December can be the cruelest month for any President. This year, there is the problem of what to do about Syria, Iran and China. How’s the Affordable Care Act going and what is Vice President Joe Biden going to say next?
But one of the toughest calls for the commander in chief is whether to give federal workers some time off around Christmas.
It can be a lose-lose decision for POTUS, either with federal workers or the general public. Especially when Christmas falls in the middle of the week, like this year.
When Christmas falls on a Saturday or Sunday, it is pretty much a no-brainer. Non-emergency feds usually get the day off either the Friday before or the Monday after. Not always, but nearly always.
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When Dec. 25 is a Tuesday or Thursday, again the rule of thumb is (usually) that nonessential feds get the Monday before or the Friday after off with pay.
But when Christmas is a Wednesday, as it is this year, it presents special problems. Some political, some logistical. In a year when you’ve had furloughs and shutdowns, do you carry on and give feds some time off? If so, when and how much? Often (but not always) when Christmas is a Wednesday, presidents have given workers a half day off.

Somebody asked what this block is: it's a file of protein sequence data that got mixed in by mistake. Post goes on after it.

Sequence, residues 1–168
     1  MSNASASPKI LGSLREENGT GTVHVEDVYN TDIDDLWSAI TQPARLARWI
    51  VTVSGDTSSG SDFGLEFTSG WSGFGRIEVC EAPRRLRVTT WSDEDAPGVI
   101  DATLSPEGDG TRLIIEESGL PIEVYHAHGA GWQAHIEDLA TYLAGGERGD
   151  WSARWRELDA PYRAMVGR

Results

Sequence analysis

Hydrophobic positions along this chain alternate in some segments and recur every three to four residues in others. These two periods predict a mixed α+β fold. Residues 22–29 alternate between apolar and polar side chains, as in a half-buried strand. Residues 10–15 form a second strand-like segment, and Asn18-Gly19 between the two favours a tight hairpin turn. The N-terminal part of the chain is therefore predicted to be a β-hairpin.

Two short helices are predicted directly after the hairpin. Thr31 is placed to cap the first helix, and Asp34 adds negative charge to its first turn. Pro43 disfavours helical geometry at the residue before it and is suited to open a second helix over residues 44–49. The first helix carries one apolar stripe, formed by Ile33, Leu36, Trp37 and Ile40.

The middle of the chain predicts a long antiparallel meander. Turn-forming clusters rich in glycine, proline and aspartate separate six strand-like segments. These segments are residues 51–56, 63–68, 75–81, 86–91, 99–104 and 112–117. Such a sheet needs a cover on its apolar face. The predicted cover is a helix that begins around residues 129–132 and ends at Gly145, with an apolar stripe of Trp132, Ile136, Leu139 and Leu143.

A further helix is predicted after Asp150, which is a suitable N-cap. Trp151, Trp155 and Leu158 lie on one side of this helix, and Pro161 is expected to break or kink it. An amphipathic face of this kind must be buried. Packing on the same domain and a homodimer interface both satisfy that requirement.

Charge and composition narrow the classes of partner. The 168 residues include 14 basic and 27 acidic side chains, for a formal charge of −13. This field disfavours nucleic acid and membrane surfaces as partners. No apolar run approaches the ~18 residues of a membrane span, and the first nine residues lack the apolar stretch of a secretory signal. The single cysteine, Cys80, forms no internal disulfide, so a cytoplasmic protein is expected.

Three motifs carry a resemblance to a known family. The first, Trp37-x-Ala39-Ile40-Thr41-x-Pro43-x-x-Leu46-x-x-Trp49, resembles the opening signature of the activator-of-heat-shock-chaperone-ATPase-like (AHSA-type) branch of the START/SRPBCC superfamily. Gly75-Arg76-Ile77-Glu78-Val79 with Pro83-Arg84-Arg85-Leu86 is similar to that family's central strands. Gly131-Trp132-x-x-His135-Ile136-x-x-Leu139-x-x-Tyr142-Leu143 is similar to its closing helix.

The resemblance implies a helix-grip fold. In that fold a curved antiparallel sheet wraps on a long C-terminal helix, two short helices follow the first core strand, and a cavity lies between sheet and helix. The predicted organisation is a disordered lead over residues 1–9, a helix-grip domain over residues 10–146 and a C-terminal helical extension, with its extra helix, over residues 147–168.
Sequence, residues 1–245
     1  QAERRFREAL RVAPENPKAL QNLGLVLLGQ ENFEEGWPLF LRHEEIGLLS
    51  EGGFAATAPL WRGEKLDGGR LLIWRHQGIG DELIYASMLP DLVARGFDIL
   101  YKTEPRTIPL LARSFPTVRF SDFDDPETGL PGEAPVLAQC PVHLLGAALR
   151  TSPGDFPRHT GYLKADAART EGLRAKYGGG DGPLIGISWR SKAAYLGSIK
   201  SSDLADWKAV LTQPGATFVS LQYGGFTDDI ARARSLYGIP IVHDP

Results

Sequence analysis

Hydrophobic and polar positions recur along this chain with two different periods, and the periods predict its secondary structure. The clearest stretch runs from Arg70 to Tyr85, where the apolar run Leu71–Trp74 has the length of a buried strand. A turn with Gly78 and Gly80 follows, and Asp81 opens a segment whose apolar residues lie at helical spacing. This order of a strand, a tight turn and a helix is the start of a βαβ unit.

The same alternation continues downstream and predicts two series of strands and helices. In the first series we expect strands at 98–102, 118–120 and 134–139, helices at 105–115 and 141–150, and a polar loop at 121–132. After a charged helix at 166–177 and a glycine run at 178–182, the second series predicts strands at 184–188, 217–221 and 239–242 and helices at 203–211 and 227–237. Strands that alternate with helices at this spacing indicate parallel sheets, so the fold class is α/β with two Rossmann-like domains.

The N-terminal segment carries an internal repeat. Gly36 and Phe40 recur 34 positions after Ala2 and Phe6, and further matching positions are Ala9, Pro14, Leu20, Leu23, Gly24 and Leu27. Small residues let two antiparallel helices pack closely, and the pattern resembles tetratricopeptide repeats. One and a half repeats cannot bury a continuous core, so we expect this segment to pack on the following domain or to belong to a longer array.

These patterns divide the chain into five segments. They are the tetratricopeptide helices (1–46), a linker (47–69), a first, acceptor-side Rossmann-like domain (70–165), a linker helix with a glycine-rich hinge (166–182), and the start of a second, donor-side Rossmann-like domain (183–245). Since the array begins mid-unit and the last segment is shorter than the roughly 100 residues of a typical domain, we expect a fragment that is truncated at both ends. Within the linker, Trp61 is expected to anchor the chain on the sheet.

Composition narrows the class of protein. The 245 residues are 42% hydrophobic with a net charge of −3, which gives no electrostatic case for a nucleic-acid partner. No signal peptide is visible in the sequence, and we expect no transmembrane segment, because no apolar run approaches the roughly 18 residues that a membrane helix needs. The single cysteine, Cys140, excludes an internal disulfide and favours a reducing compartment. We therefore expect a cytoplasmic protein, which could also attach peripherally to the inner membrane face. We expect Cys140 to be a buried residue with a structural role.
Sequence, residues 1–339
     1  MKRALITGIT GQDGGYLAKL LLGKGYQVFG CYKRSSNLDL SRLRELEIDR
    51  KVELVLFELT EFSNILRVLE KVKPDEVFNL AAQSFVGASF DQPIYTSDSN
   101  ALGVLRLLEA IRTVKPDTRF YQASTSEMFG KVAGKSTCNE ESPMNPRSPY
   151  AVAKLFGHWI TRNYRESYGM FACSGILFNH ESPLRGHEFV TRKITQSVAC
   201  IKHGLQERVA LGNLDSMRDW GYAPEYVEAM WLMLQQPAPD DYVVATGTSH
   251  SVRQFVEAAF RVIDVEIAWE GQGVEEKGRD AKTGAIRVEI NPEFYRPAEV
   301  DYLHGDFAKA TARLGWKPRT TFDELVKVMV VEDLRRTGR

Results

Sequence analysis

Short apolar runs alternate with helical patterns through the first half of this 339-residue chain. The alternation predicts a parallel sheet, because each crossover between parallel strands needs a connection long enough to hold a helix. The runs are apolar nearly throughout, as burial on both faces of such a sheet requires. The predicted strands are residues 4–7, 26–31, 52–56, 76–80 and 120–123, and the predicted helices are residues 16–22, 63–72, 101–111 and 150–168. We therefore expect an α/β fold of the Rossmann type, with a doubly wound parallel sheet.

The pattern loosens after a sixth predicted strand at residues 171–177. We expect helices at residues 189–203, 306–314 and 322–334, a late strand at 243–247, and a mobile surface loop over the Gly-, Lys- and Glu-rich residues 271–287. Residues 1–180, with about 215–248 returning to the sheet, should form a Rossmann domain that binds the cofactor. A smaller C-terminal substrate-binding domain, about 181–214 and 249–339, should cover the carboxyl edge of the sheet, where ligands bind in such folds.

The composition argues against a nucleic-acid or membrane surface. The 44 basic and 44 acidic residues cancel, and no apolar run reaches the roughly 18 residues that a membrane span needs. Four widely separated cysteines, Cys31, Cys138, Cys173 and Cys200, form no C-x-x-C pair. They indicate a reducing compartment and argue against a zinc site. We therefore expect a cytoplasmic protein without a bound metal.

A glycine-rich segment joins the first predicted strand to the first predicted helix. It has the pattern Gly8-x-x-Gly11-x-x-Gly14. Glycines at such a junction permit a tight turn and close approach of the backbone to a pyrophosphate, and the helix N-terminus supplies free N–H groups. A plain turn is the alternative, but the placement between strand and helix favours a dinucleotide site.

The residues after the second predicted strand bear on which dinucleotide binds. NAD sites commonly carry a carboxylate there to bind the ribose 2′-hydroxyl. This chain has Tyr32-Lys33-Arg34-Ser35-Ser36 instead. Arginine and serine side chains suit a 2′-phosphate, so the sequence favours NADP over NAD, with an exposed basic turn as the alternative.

In 2009, President Obama gave federal workers four hours off on Christmas Eve when the 25th was a Thursday. But people were expected to report to work, or take annual or use-it-or-lose it leave if they wanted Friday off.
President George W. Bush gave feds Christmas Eve off in 2001 and again in 2007 when Christmas was a Tuesday.
So there is no rule of thumb.
It is during the Christmas season that employees of the U.S. Postal Service are reminded how different they are (in some ways) from their white-collar colleagues. Most postal employees, letter carriers, clerks, mail handlers and other craft employees usually don’t get any extra time off, unless they take it.
For a look at how presidents have dealt with bonus holidays in the past, click here — and keep your fingers crossed:
NEARLY USELESS FACTOID
Compiled by Jack Moore
Elves first became linked with Santa Claus in the 1823 Clement Clarke Moore classic poem “A Visit from St. Nicholas,” in which Jolly Old St. Nick is referred to as a “jolly old elf,” himself. It wasn’t until an 1857 poem in “Harper’s Weekly,” which included a few lines about the elves working to make “cakes, sugar-plums, and toys,” that the little sprites gained a reputation for being Santa’s little helpers.
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